QUOTE: "But why would anyone prefer spending on destruction to spending on construction, prefer building weapons to building bridges?"
The question above is a really good one. Really good in many levels. the author is talking about national expenditure, but we can just as easily see this as an individual question. Why do I choose to spend (energy, mostly) on destruction rather than construction. Why do I prefer to build weapons rather than bridges? In this case I take weapons to be a vague euphemism to any pursuit which enhances "me." that could be knowledge which is hoarded for the sake of being smarter, and it could be money, and it could be, quite simply, sitting in front of the TV mindlessly. Alternatives to these three activities would be to become more knowledgeable so I can teach others, to volunteer at a literacy program for example. Money, of course, could be earned to be shared, to help others, to give back to the greater family, the neighborhood. And personal pleasurable pursuits like watching TV could be exchanged for playing board games, but they could also involve watching movie together, to discuss them later, rather than watch by myself for my own pleasure.
The list is endless. Unfortunately the author is not concerned with reasons for this preference, that is not the point of his article. But I am. I should prefer to build bridges but I end up digging moats. I should prefer spend on construction, instead I spend most of my time managing to the lowest possible levels any constructive interactions I might be able to have with others.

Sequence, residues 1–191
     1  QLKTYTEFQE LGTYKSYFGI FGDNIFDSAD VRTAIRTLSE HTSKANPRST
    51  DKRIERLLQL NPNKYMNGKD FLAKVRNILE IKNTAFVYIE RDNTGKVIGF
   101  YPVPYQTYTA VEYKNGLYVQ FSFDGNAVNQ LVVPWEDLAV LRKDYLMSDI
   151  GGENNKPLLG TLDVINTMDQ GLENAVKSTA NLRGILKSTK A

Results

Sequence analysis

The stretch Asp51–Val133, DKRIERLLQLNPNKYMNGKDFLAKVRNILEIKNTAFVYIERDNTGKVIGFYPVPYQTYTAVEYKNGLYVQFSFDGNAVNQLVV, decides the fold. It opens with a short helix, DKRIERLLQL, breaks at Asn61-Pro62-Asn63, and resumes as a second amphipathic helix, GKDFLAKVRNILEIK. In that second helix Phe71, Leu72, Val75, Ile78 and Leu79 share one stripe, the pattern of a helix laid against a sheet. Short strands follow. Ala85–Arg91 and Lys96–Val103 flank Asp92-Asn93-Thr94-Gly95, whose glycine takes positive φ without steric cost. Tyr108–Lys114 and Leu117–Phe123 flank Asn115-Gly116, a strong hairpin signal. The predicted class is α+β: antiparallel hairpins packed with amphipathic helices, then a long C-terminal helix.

Jesus, it seems, did not feel it was too important to develop a good and healthy self-esteem, to get some quality downtime with himself or even to relax. Even when he went away, he went away to connect with God, and anyone who has tried to do poustinia will be quite aware that it is work. Healthy, energizing? Yes! But still work. And very little to do with myself. In fact, hardly anything to do with my "self" at all.
Cap this off with Jesus engaging all the difficult relationships within his community: tax collectors, prostitutes, Samaritans, legalists of all sorts. He never retreated from engaging everyone. He practically threw himself into mess, to the point that earlier on his family thought he was crazy, and they were certainly worried about his mental health!
Crazy. Mad. In love.
Most times it is hard to know the difference. But it is easy to spot a bridge builder, it is easy to see where I am investing my time, my talents, and my energy, and conversely, where I am amassing great wealth for absolutely the wrong reasons, burying talents, digging moats, and manning the barricades.
Time to be a little more crazy, a little more madly in love.